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Poor writing and presentation, slower to learn?

(9 Posts)
Cortina Mon 02-Nov-09 11:28:21

Firstly I personally don't believe this for a moment but have been surprised to see how it appears to be prized ahead of other attributes by primary teachers. (Am sure not all primary teachers but there appear to be some).

Handwriting matures at it's own rate surely? It needs teaching to acquire fluidity but if a child doesn't 'get it' relatively quickly why is this often seen in such negative light?

I appreciate poor handwriting might hold children back but there appears to be this ingrained attitude with some teachers?

I have had reports for one of mine that say 'handwriting is still well below the standard we would now expect'..and so on.

titchy Mon 02-Nov-09 11:41:52

Well I've never heard of handwriting and maths/literacy etc ability being linked, so I'm not sure about your thread title.

The report you've had seems entirely reasonable tbh - your child has poor handwriting considering his/her age! What else do you want the teacher to say?

Handwriting and presentation are important to a point - teachers will need to be able to read your child's work in order to assess how they're doing. But once it's at least legible it doesn't need to be perfecty crafted copper-plate writing.

Oh and I'm speaking with the benefit (hmm) of having a child with extremely poor hamdwring - year 4, but most of the current year 1 have better handwriting! (He has some motor skills difficultieS).

AtheneNoctua Mon 02-Nov-09 11:42:14

Oh no. DS is in trouble then. He is a very flexible boy and this causes uncoordinated little legs and also affects he fine motor skills for writing. But, it has nothing to do with the processes that happen up in his brain. He is clever boy but his writing is a bit behind. However, in reception, I'm not worried about it. He will come along when he is ready (physically). We got him a Wii to strengthen his little hangs/arms/fingers. But, he is still a bit behind.

titchy Mon 02-Nov-09 11:43:13

'hamdwring'?!!! I meant handwriting of course!

<<Wonder where ds gets it from..>>

Cortina Mon 02-Nov-09 11:52:55

Am glad you've not heard of them being linked titchy, did not mean to cause offence by thread title.

I was honestly interested. I went to a parents evening recently for one of mine and was shown the books of other children who had beautiful writing and presentation. Great to see but it seemed like some sort of 'ability' bench mark.

The children are grouped in terms of ability and ability is gauged - at least in one of our schools in year one - in part by this sort of presentation.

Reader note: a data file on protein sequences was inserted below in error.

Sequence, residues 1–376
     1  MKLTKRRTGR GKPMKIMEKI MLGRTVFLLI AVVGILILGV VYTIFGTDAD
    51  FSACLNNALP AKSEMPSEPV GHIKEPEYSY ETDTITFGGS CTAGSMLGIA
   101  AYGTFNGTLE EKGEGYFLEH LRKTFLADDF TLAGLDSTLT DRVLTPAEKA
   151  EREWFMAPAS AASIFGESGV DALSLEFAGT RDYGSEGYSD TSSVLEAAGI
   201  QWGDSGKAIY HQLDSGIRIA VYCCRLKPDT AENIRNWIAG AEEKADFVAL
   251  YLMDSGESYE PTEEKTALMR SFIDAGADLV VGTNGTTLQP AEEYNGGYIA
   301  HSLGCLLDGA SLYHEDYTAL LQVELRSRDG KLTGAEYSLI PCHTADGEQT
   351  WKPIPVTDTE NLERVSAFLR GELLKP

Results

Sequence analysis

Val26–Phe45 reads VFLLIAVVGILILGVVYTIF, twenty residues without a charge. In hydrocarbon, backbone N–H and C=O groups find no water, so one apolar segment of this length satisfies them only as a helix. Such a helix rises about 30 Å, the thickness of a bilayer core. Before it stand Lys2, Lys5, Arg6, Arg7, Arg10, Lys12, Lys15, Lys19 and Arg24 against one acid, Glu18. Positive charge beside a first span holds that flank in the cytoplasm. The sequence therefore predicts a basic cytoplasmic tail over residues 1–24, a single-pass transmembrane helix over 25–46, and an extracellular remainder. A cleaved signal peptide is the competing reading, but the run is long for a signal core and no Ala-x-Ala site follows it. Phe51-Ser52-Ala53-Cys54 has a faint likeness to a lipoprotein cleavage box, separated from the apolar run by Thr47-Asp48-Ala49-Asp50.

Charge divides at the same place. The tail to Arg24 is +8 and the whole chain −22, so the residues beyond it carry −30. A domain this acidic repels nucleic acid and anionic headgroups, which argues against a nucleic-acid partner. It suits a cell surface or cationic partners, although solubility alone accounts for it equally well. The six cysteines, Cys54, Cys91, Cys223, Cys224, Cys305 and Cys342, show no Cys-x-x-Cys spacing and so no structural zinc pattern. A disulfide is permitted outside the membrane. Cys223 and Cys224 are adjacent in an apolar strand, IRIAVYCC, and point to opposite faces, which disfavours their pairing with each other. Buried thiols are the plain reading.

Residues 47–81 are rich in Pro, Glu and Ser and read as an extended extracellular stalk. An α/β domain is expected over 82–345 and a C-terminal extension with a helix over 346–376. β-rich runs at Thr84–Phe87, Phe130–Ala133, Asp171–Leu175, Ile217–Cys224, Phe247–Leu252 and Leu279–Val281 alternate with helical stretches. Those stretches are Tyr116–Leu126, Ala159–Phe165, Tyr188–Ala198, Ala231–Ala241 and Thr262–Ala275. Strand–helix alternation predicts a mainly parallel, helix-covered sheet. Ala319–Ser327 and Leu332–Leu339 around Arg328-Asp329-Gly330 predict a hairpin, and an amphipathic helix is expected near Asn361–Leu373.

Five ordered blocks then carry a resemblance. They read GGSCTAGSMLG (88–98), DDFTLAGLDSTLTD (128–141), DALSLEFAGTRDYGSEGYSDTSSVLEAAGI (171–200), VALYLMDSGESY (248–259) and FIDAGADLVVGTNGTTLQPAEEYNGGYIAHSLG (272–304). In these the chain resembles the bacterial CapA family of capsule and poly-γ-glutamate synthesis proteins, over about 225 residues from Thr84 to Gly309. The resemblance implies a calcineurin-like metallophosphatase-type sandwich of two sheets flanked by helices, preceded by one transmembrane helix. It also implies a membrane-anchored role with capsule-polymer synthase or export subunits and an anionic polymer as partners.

Thinking more about it I suppose this is correct. But the danger comes if mind sets are fixed and things are not seen more broadly.

Cortina Mon 02-Nov-09 11:56:24

Just to add I believe 'DC's handwriting is now well below the standard one would now expect' isn't a particularly helpful, or empathetic remark. It does suggest, to me at least, that the teacher is perhaps frustrated and hostile about this situation.

I would prefer 'DC appears to struggle with fine motor control. I would like to discuss this further to see what is the most helpful strategy to pursue' or similar.

FernieB Mon 02-Nov-09 12:08:59

One of mine had awful handwriting until this year when it's just come on leaps and bounds with no special help at all. I think they just get this at a different rate. I've never pushed them on the neatness, just the legibility of handwriting, but I come from a family where my mum's handwriting looks lovely on the page but I can't read it, whereas my Dad's (and my brothers) looks awful but really easy to read.

andlipsticktoo Mon 02-Nov-09 12:22:37

My ds1 has always had dreadful handwriting and poor presentation, but has always had very understanding teachers. It has always been mentioned in reports and at parents' evenings, but his teachers have always said that they didn't want him to concentrate too heavily on the presentation at the expense of the content. He is GAT in most subjects so there is clearly no link between ability to learn and handwriting.

He is nearly 13 now and still has dreadful handwriting and presentation, despite my attempts at trying to improve it - he just doesn't think it is important! And I must say in my experience it does seem to be more of a boy thing than a girl problem.

andlipsticktoo Mon 02-Nov-09 12:25:42

Must add, my dh has awful handwriting too - almost illegible - but he made it to uni and got a good degree!

And isn't it compulsory for doctors to have dreadful handwriting? I know my SIL does!

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